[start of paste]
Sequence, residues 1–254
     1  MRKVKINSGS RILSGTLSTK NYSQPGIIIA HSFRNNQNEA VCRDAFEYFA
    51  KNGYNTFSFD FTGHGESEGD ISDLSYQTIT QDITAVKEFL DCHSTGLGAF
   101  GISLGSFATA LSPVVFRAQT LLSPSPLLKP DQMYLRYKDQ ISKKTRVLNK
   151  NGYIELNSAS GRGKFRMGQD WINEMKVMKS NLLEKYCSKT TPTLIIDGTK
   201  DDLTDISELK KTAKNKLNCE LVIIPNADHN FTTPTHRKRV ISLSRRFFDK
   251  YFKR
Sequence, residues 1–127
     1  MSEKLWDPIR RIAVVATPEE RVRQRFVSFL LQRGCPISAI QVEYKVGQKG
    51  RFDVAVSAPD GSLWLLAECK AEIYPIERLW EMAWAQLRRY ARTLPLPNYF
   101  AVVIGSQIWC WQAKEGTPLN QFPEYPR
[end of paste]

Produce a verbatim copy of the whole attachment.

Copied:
Sequence, residues 1–254
     1  MRKVKINSGS RILSGTLSTK NYSQPGIIIA HSFRNNQNEA VCRDAFEYFA
    51  KNGYNTFSFD FTGHGESEGD ISDLSYQTIT QDITAVKEFL DCHSTGLGAF
   101  GISLGSFATA LSPVVFRAQT LLSPSPLLKP DQMYLRYKDQ ISKKTRVLNK
   151  NGYIELNSAS GRGKFRMGQD WINEMKVMKS NLLEKYCSKT TPTLIIDGTK
   201  DDLTDISELK KTAKNKLNCE LVIIPNADHN FTTPTHRKRV ISLSRRFFDK
   251  YFKR
Sequence, residues 1–127
     1  MSEKLWDPIR RIAVVATPEE RVRQRFVSFL LQRGCPISAI QVEYKVGQKG
    51  RFDVAVSAPD GSLWLLAECK AEIYPIERLW EMAWAQLRRY ARTLPLPNYF
   101  AVVIGSQIWC WQAKEGTPLN QFPEYPR